December 28, 2016
We missed Paris, but we saw Barcelona. Well, we didn’t see much of Paris, arriving late in the evening, just enough time to grab a bite and walk the edges of the Latin Quarter a mite. But Barcelona, we saw its night and day. And though we opted out of the nightlife bar scene, we did tour el centro de la ciudad, walked a good swath of the city from Barcelona cathedral to Sangria de familia cathedral, and spent hours admiring Picasso’s seemingly endless transformational creativity at el museo de Picasso.
We rest heavily, sinking into the cushions of our bullet train seats to nap, write, tune out and glance out the window to see the pastels of fading light cast over the Pyrenees. Over eating, over walking and over sightseeing depletes us like the satiety of a sumptuous meal oh too much. We smile in our pain. That sums up the entire trip so far for me.
It occurred to me upon taking a certain step down an unknown curb on a forgotten street in the center of a city recently eye-soaked that there’s nothing wrong with me. It’s my life. Had I encountered half the snafu’s we did on this trip back home, my blood pressure would have ripped my skull open in a gusher of anger and frustration. I’m thin triggered. Not always, but too often. And nothing truly ruffled me this trip, despite jet lag, sleeplessness, homelessness and digestion disasters.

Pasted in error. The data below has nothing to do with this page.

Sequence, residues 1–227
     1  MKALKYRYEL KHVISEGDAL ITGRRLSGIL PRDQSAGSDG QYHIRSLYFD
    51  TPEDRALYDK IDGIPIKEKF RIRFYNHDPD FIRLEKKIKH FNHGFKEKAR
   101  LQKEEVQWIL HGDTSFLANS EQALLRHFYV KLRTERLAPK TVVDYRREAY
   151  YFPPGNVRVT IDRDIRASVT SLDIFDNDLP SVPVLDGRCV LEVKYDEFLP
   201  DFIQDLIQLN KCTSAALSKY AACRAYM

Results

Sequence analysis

Maybe I’m finally there–finally. I’ve reached the center of where it’s at and glimpsed what it could be.
The year wanes, eroded like my patience today. How many times can you be reminded to take your passport, tag your bags, get to the train station on time, get up by 8 or you’ll miss all to see in the city and eat your spinach, all in three waking hours?
Yes, she means well. She needs antidepressants. Or I do. Life gives us both anxiety, but she panics unceasingly whereas I do less often. Her fear outpaces mine by leagues. “Can we breathe more in 2017?” I asked her son that moments ago.
The daughters plugged in and tuned out almost immediately upon finding our seats, an ordeal of considerable magnitude as we had to walk over the seatless encampment of refugees between cars, the one we circled going up and down levels, forward and back aisles, squeezing through the narrow corridors of human passage to find our way through the maze.
How hard could it be? Cabin number and seat number. It took ten minutes of mind boggling math and engineering to finally land at the last quad of seats in back of coche 15.
A child’s English words catch my attention. The adults respond in French. Flocks of birds circle sporadic homes peppering the rural landscape whizzing by. The TGV doesn’t bullet the way it usually does, like when we flashed by kilometers from Paris to Narbonne 15 years ago. Perhaps after our stop in Perpignan, the train will pick up speed, dashing us to Barcelona.